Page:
A lot or a little?
The parents' guide to what's in this book.
What parents need to know
Parents need to know that Nice Try, Jane Sinner is about a Canadian teen who's trying to recover after her suicide attempt and getting kicked out of high school. She reinvents herself as she participates in a low-budget reality TV show in which contestants' filmed lives are constantly projected on TV and social media. The story is told through Jane's journal entries, and there's lots of swearing (including "s--t" and "f--k") and drinking and discussion of drug use. (The legal drinking age in this part of Canada is 18, and when the story begins, Jane is 17.) Note that the story could be triggering for teens with depression and thoughts or experiences of suicide.
What's the story?
As NICE TRY, JANE SINNER starts, a few months after trying to kill herself, 17-year-old Jane is trying to start over: She moves out of her religious parents' home and decides not to go back to high school. Instead, she enrolls in community college, but she has nowhere to live. Then she learns about House of Orange, a very low-budget reality TV show filmed by a student at the community college. In exchange for being a contestant on the show, Jane gets a room and the chance to remake herself. Along the way, she learns some poignant lessons about friendship, faith, and the meaning of life.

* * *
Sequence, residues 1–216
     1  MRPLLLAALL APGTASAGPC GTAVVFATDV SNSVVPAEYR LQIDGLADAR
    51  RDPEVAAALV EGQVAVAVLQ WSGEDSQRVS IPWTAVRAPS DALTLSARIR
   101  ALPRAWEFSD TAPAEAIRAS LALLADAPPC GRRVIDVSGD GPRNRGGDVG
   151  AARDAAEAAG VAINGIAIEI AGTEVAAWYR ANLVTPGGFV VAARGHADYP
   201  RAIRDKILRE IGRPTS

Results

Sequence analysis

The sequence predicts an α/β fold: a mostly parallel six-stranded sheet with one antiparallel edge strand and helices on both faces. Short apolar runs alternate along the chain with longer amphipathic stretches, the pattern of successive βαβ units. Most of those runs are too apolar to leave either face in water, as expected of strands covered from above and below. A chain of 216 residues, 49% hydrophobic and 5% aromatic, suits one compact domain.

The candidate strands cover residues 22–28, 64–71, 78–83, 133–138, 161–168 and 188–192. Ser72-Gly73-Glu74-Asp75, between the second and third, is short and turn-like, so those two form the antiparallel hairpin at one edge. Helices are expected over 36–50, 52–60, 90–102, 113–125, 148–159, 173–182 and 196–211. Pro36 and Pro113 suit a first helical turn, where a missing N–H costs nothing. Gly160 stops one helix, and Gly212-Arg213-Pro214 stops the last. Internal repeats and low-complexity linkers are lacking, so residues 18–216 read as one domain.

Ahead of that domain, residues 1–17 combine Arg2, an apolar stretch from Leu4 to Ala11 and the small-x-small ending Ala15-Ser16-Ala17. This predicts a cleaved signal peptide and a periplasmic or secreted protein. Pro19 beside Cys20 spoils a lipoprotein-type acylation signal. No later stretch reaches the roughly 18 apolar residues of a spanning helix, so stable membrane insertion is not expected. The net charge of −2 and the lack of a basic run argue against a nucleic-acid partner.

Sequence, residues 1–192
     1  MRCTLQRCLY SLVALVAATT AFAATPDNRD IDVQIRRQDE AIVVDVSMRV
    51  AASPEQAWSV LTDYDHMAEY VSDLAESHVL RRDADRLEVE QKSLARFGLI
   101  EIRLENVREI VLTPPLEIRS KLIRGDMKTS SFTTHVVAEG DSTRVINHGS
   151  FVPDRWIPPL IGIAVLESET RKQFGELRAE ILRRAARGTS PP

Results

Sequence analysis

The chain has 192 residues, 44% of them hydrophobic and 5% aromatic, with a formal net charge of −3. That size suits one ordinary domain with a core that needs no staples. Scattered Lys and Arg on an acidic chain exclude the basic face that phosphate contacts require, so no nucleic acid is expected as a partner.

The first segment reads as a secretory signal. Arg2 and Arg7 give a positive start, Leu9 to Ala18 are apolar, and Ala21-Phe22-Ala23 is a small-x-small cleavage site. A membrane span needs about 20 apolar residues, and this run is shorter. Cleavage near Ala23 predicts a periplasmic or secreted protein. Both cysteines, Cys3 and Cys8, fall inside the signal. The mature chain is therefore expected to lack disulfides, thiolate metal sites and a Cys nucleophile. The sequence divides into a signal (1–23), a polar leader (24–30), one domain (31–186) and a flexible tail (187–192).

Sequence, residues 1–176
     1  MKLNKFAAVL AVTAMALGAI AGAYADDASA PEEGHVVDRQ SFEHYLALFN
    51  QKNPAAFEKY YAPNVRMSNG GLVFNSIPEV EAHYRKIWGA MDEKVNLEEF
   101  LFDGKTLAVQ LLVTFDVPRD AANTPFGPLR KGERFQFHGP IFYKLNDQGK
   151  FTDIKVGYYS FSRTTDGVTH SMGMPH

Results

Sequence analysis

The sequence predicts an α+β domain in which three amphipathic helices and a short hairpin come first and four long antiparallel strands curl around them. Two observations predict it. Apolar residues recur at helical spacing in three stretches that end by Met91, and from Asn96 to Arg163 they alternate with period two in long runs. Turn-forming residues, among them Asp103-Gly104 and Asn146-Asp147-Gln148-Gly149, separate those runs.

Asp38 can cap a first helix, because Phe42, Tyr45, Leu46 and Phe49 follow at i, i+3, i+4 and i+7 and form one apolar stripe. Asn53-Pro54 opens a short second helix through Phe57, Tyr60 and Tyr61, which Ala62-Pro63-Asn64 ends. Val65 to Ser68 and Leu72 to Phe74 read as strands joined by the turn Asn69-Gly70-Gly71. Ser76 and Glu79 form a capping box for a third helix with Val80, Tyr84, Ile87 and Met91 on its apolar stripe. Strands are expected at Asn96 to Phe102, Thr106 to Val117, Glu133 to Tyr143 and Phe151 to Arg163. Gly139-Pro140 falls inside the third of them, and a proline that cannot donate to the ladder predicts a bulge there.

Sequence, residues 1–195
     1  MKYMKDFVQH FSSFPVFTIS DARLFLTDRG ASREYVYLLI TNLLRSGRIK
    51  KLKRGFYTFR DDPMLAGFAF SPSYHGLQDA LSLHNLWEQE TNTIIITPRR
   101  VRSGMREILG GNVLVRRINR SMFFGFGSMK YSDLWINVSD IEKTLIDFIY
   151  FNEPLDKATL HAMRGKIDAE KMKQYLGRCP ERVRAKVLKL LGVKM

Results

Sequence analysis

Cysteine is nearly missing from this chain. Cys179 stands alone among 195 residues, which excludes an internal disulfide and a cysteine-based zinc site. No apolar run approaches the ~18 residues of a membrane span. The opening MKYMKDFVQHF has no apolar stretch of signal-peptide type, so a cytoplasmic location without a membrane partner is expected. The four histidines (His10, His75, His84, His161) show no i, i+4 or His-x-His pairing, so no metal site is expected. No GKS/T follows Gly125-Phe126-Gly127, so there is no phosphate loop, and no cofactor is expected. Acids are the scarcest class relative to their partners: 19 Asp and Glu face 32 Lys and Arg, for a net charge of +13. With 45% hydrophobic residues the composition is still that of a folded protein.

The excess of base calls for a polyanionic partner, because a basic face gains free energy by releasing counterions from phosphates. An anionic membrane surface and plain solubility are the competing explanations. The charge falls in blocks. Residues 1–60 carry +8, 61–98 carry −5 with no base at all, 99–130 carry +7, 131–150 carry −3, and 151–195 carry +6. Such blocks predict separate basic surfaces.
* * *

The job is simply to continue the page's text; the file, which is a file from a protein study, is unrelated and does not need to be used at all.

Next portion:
Is it any good?
Despite the rather devastating premise, this is a complex story about how to get back on your feet after falling hard. The writing in Nice Try, Jane Sinner is often snarky and sometimes raunchy, and the humor is both dark and real. The story's format flips between dialogue and journal entries without chapter breaks, which can prove to be a little frustrating.
Talk to your kids about ...
Families can talk about how recovery after a suicide attempt is portrayed in Nice Try, Jane Sinner. How difficult would it be to pick yourself up and start over?
What do you think of the level of swearing in Nice Try, Jane Sinner? Does it seem realistic?
What do you think of the amount of drinking the teen characters do? Does the fact that the drinking age in Canada is 18 affect how you view it?
- Author: Lianne Oelke
- Genre: Contemporary Fiction
- Topics: Adventures, Brothers and Sisters, Friendship, High School
- Book type: Fiction
- Publisher: Clarion Books
- Publication date: January 9, 2018
- Publisher's recommended age(s): 14 - 18
- Number of pages: 432
- Available on: Paperback, Nook, Audiobook (unabridged), Hardback, iBooks, Kindle
Themes & Topics
Browse titles with similar subject matter.
For kids who love teen and coming-of-age stories
Our editors recommend
Top advice and articles
Common Sense Media's unbiased ratings are created by expert reviewers and aren't influenced by the product's creators or by any of our funders, affiliates, or partners.